Two years ago, Lori Trahan won the 10-candidate Democratic primary for the Third Congressional District, which includes Harvard, with just 22% of the vote. She went on to win in the general election and is unopposed for another term this November. A few weeks ago, Jake Auchincloss won his nine-candidate Democratic primary race for the Fourth Congressional District, also with 22% of the vote. He, too, is expected to win in November. In each case, more than three-fourths of the Democrats who voted in the primary wanted someone else to represent them. (Of course, Republican voters in the general election would also prefer someone else.) Supporters of ranked-choice voting say elections with winners based on such a small share of the vote undercut democracy.
On Nov. 3, Massachusetts voters will decide whether they want to adopt ranked-choice voting (RCV). Question 2 was placed on the ballot this year through an initiative petition. If passed, the measure would allow RCV for all Massachusetts state and federal elected officials except the president, starting in 2022. Question 2 does not provide for RCV in presidential elections because, its supporters say, that should be a national question.
How does RCV work? Opponents say it makes voting more complex and difficult, especially for less sophisticated voters. Supporters say, “It’s as simple as 1-2-3.”
In an RCV election with three or more candidates, a voter can choose to vote for just one candidate, as in the past. Or the voter can mark one candidate as their first choice, another as second choice, another as third, and so on through the list of candidates—just as far as the voter cares to go.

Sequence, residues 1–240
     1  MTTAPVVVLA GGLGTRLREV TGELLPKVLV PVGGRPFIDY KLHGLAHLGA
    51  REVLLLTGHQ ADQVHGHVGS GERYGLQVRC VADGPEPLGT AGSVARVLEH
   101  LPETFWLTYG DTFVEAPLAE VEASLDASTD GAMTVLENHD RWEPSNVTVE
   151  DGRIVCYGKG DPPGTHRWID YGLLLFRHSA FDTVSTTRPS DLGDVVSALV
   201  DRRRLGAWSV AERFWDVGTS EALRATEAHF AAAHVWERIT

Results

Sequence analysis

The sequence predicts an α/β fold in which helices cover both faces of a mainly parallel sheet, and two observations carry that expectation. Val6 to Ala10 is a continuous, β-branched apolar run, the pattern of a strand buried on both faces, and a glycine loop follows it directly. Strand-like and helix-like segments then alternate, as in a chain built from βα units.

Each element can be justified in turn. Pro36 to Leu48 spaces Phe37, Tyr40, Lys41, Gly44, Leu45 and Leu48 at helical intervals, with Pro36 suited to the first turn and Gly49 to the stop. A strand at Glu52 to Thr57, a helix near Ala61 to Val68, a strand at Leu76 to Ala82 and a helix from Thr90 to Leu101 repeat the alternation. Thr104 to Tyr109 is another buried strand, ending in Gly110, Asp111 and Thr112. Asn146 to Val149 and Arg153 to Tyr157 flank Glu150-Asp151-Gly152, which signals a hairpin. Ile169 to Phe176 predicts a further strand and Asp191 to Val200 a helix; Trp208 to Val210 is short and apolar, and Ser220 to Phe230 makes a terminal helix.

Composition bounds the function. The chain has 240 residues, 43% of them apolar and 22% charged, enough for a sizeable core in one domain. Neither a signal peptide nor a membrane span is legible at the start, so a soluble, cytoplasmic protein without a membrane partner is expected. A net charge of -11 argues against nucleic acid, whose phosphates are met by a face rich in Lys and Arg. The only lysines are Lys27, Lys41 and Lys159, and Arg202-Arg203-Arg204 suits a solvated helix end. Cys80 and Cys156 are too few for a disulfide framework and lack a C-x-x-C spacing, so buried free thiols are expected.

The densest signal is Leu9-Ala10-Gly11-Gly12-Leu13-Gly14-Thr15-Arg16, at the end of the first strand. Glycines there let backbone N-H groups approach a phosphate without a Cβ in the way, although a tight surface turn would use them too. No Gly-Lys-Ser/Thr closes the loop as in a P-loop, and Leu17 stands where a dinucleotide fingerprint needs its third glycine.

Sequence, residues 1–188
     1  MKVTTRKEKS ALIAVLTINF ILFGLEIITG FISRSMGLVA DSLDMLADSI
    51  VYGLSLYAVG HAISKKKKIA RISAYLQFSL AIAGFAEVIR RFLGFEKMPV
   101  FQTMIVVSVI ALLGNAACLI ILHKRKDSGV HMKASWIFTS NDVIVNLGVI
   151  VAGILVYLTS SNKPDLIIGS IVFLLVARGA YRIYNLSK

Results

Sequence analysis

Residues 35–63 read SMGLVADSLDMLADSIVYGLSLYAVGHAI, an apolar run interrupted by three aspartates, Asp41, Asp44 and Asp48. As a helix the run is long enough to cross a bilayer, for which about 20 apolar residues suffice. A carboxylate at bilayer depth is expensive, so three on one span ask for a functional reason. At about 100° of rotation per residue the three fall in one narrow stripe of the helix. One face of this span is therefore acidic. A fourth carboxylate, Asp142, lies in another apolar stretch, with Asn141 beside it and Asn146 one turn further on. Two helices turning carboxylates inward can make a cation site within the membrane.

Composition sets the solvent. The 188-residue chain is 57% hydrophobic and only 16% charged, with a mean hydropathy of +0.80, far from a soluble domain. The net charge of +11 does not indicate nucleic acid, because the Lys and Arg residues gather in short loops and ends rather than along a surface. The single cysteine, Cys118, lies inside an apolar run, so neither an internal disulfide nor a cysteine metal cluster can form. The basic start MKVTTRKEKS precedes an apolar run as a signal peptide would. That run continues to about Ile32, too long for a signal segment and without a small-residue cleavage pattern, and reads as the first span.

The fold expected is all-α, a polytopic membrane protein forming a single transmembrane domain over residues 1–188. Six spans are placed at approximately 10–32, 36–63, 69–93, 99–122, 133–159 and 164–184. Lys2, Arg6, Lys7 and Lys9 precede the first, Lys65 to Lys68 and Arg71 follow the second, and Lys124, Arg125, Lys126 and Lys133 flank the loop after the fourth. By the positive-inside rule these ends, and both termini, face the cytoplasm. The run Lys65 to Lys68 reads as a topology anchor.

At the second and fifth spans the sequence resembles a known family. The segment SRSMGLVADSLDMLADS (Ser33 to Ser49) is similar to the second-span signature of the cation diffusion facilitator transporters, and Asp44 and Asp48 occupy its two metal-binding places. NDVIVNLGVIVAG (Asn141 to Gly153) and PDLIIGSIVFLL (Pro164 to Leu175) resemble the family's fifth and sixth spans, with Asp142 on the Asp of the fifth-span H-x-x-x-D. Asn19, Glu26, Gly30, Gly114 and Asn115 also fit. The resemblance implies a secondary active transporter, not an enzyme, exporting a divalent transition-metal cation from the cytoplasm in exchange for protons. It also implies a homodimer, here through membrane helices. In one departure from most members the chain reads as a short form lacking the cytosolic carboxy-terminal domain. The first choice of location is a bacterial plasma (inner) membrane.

To determine the winner in an RCV election, officials start by counting all the first-choice votes. If one candidate gets more than 50% of those votes, that’s the winner.
But if no one gets over 50%, the candidate with the fewest first-place votes is eliminated. Those who voted for that candidate get their second-choice votes counted instead and added to the totals for candidates who are still in the race. If those votes put one candidate over 50%, that ends the process, and a winner is declared. If not, the process repeats until someone tops 50%.
This process is why RCV is sometimes called “instant-runoff voting.” In effect, it’s like a series of elections with one person eliminated each time until someone gets a majority. But it is less expensive and time-consuming than holding separate runoffs.
RCV does not inherently favor one major party over the other. In the 2000 presidential election, ranked choice voting in Florida would likely have tipped the election to Democrat Al Gore over Republican George W. Bush, assuming Gore would have gotten more second-choice votes from supporters of Green Party candidate Ralph Nader. But in 1992, RCV might well have favored the GOP candidate, George H.W. Bush, over Democrat Bill Clinton, if those who voted for Independent Ross Perot had been able to indicate a second choice.
Supporters say RCV would encourage more people to run for office, both in the two major parties and in smaller parties such as Greens, Libertarians, and Independents. Voters could vote for their favorites without worrying they were “throwing away” their votes, because they could also indicate a second and third preference. Minor-party candidates would not be labeled “spoilers” for taking votes away from a major party at the same end of the political spectrum, because their ballots could go toward a more viable candidate in the next round of counting.